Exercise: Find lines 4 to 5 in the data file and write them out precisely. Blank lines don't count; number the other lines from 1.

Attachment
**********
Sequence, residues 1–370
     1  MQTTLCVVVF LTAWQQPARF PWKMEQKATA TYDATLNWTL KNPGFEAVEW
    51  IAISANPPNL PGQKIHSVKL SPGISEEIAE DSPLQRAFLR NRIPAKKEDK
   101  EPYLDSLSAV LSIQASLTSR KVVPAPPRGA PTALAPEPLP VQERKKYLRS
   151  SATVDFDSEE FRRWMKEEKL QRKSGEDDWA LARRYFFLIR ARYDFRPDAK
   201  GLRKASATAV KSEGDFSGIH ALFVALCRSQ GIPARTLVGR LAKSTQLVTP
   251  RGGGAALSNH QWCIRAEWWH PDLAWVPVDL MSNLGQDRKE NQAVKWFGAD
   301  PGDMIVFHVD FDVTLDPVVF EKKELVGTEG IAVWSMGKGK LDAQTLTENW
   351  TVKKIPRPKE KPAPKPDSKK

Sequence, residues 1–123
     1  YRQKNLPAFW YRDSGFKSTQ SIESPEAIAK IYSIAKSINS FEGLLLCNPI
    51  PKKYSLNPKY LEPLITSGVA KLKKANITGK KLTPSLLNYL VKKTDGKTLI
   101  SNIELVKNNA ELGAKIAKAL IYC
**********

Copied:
   101  EPYLDSLSAV LSIQASLTSR KVVPAPPRGA PTALAPEPLP VQERKKYLRS
   151  SATVDFDSEE FRRWMKEEKL QRKSGEDDWA LARRYFFLIR ARYDFRPDAK